How about some real talk for my very first post?
I was raised in a sports-filled writing household. My Dad was the Executive Sports Editor of my hometown newspaper. He got his start on the local radio station and transitioned to print shortly after, where he remained for decades. He won “Sportswriter of the Year” three times. His typewriter keys were always clacking in his den next to my bedroom. After he retired from the newspaper, he wrote a book about the history of our county. We definitely a sports-minded family. Dinner table conversation was about basketball, football, baseball, and wrestling. My oldest brother followed in Dad’s athletic footsteps and became a sportswriter for the state’s biggest newspaper. He won “Sportswriter of the Year” way more times than Dad, and he also won plenty of other awards and accolades. My next oldest brother focused on coaching, but he recently wrote a book about his basketball life. The brother closest in age to me is a very successful businessman who is a state golf champion.
And then there’s me.
All three of my brothers are gifted athletes – golf, basketball. I was on the high school tennis team for a short bit, only because it was less humiliating than trying to play basketball (which everyone wanted from me since I was almost six foot). But alas, I am a slow moving sort, who finds her stride with yoga, biking, and Zumba.
But let’s talk about the writing part. As I said, I grew up amongst writers. The only classes I got excellent grades in were those that had to do with English, writing or communications. I definitely got the family gift and majored in Journalism. My career has been working in advertising, marketing, public relations and publishing. I’ve been a writer my whole life.
I haven’t done a whole lot of writing outside of my career-life. Oh sure, I have filled 27 journals and had a tepid Blogspot in 2005 (RIP, Mom, Interrupted), and I even spent a couple years blogging about my single parent experiences for two sites (see those posts here). But something always held me back. After much introspection (and a little therapy), I realize I have such a fear of rejection that I’ve been too paralyzed to put myself out there.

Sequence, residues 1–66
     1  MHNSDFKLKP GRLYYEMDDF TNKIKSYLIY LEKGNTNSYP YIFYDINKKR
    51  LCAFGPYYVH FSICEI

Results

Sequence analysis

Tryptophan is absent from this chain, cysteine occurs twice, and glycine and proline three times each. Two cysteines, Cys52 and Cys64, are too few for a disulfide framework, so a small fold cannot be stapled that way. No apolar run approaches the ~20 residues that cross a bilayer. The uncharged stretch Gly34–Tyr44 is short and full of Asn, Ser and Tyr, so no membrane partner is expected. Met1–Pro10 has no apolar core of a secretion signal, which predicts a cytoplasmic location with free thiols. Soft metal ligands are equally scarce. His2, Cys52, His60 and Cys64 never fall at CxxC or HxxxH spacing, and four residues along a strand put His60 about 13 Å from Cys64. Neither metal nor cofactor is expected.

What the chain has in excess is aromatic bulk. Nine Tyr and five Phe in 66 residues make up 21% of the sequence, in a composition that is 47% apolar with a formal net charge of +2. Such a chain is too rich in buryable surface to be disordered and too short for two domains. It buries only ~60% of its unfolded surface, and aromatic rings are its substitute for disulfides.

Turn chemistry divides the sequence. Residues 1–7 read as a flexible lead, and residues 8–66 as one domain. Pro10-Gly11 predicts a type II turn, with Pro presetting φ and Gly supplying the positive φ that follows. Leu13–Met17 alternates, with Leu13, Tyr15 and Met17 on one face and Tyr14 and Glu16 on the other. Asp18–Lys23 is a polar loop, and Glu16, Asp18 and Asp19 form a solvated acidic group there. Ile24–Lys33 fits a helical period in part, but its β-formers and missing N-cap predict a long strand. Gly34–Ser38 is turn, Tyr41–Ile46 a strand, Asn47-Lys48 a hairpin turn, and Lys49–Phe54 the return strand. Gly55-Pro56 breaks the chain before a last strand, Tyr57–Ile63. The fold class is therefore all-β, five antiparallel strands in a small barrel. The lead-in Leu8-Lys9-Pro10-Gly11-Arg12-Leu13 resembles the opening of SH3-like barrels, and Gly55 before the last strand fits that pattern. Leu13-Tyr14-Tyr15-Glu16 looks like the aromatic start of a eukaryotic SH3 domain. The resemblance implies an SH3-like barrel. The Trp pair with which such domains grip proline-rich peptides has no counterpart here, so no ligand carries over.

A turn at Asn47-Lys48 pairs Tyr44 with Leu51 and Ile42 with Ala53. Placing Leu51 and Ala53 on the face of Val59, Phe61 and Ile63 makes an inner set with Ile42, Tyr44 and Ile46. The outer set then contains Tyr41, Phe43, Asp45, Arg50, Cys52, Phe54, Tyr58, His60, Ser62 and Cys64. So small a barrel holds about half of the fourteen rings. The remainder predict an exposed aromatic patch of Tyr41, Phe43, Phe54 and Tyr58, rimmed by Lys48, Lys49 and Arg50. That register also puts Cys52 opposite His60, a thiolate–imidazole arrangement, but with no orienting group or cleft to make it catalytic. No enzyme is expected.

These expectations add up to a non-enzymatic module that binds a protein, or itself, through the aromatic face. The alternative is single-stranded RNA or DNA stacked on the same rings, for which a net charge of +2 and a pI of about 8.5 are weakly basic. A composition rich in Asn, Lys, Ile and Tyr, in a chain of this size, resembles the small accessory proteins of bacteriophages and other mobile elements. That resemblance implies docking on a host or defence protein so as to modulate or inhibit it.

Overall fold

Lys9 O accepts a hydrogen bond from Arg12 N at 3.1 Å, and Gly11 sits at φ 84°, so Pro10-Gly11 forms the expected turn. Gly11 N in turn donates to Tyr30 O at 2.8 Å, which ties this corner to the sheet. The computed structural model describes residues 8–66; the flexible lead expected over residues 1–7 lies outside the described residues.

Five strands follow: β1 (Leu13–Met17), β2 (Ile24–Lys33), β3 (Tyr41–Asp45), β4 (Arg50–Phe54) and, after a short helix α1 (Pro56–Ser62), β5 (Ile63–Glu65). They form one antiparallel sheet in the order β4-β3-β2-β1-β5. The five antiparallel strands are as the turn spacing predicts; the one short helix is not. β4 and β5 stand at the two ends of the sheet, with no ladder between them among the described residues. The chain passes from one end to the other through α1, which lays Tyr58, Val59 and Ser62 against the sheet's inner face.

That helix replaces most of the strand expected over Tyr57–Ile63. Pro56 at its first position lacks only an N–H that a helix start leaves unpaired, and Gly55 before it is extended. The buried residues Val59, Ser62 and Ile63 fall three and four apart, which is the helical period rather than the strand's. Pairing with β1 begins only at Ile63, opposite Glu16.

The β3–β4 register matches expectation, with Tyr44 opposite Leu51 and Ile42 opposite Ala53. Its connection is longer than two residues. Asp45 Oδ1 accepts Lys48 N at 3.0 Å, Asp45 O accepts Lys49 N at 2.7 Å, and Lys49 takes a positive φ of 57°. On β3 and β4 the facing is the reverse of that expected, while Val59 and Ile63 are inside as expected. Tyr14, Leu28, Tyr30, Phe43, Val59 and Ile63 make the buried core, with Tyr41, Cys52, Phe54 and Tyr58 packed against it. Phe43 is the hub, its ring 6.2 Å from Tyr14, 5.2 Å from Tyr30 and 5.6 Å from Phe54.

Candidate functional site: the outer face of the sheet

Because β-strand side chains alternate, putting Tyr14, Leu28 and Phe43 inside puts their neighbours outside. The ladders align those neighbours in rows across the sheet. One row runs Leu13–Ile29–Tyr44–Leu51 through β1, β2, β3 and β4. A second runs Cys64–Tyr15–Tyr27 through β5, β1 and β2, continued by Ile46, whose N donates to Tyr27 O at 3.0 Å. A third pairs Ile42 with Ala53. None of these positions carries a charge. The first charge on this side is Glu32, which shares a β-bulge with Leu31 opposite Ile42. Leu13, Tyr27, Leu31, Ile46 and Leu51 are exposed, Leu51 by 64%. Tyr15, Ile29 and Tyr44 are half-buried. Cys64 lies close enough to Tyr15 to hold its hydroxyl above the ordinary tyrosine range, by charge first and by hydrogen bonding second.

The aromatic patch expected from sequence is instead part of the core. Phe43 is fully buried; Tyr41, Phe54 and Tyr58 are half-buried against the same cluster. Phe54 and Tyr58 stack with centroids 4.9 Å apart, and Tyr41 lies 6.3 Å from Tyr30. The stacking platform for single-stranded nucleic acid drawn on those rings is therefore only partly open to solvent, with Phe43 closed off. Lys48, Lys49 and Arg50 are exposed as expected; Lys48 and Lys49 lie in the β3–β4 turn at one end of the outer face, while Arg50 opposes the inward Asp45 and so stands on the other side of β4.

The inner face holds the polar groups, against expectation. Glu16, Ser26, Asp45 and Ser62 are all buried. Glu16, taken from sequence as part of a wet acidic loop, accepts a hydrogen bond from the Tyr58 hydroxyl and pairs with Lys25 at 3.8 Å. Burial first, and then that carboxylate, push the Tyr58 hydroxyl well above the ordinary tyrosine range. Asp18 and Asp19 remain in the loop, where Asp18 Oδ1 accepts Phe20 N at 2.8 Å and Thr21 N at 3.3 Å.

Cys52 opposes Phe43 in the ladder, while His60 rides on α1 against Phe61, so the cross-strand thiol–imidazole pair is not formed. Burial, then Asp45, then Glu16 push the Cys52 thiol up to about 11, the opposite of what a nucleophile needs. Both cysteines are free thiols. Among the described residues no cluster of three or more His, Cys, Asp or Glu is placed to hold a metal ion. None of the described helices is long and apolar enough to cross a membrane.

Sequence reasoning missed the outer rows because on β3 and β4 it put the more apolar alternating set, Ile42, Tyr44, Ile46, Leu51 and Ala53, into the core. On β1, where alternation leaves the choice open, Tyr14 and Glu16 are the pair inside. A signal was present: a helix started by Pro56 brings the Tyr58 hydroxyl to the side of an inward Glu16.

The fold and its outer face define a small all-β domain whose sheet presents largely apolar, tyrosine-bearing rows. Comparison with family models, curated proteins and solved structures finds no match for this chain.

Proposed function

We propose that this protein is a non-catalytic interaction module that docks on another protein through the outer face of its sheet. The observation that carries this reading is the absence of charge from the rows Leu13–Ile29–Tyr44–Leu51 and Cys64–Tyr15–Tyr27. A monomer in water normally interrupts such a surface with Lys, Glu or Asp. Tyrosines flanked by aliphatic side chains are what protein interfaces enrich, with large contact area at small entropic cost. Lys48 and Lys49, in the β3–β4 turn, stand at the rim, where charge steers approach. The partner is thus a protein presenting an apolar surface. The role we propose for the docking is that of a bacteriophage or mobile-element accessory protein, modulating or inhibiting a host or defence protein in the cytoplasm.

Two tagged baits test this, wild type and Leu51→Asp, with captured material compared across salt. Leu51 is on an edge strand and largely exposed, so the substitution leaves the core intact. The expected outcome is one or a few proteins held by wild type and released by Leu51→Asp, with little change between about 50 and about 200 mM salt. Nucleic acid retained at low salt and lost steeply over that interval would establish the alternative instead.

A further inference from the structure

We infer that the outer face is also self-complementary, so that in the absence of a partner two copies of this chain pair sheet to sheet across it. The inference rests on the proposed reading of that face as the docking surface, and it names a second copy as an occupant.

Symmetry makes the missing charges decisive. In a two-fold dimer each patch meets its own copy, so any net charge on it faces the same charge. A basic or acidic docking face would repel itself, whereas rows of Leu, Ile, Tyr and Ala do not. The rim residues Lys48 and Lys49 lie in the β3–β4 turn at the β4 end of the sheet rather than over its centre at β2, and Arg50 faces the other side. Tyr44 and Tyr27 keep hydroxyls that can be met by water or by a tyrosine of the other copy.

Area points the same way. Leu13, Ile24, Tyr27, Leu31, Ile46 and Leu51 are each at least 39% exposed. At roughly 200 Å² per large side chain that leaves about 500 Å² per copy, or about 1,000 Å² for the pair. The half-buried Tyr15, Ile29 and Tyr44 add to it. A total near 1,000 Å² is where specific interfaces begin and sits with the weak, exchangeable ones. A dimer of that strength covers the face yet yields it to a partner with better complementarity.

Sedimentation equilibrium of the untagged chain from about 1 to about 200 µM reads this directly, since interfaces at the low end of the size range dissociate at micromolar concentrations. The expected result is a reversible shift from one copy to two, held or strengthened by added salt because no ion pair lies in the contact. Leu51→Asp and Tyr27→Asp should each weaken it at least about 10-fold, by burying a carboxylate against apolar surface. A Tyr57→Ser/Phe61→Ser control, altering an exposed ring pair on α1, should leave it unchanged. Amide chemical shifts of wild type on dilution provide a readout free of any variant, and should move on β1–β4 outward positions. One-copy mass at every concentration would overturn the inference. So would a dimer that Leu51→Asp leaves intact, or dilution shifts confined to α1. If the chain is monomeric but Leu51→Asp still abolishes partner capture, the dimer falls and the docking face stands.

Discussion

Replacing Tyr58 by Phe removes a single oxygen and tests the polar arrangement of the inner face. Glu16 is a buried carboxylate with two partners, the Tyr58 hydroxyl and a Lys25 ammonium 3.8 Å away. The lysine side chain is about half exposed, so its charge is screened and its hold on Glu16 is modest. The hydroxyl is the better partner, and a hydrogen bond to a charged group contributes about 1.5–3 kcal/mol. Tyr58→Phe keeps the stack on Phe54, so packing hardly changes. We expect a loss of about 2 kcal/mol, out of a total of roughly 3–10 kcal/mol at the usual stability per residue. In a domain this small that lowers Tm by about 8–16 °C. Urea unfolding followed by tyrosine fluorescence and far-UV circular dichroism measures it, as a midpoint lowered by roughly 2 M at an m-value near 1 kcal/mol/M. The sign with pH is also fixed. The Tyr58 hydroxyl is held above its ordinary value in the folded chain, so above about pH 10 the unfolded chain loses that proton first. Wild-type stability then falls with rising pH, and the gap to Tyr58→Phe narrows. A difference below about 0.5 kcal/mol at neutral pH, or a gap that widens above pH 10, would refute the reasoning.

For years, I’d say I was going to do some freelance writing. As soon as I could find the time. And then I’d start a huge home project to distract me. To be fair, I did end up being a single parent for the majority of my kids’ lives, all while working full-time plus, and maintaining a house and yard. But still. People have done, people do it every day.
Flash forward to last year. My youngest duckling left the next. I sold my house. I moved to a rental and got rid of my mini-van. I started writing a book about how to empty nest. I was on my way!
I did it again.
Allowed myself to get distracted. Threw myself into a romantic relationship. Read an absurd number of books. Binged many Netflix series. Cleaned and organized and sorted through every possession I owned. Distractions. However, in going through a basket of treasured letters, I found one that changed everything.
It was from my Dad. Let me pause for a moment and tell you that my Dad was my number one fan. I was the only girl and the youngest. He was hyper-protective of me, and now I get why – the world is rough. Dad passed away from Alzheimer’s disease in 2012, a few months before my oldest son graduated high school. I lost my biggest fan. (Note: my sweet mom is incredible and loving, always supportive of me as well, but there was something extra intense about my father-daughter relationship).
On to the letter. He wrote it a couple years before I married my sons’ dad. He was praising me for a special book I created for him while he was recovering from knee replacement surgery. It was full of private jokes and everything I could find that would entertain him. My mission worked, he was elated. And then he went on to write:
I really sincerely believe that you have the most writing talent of anyone in our family. Somehow you have to work into a position where your boundless and ample writing talents can be recognized. You should look into freelance writing.
Mic drop, as the kids say. I held that letter to my heart and sobbed. He saw my potential, and it was time for me to do the same. I keep his letter, in the original envelope postmarked April 6, 1989 on my desk. It is my inspiration, my muse.
I am finally ready to do this, and by using my writing talent, I’m honoring my father in the best way I know how.
Thanks, Dad. Let’s roll.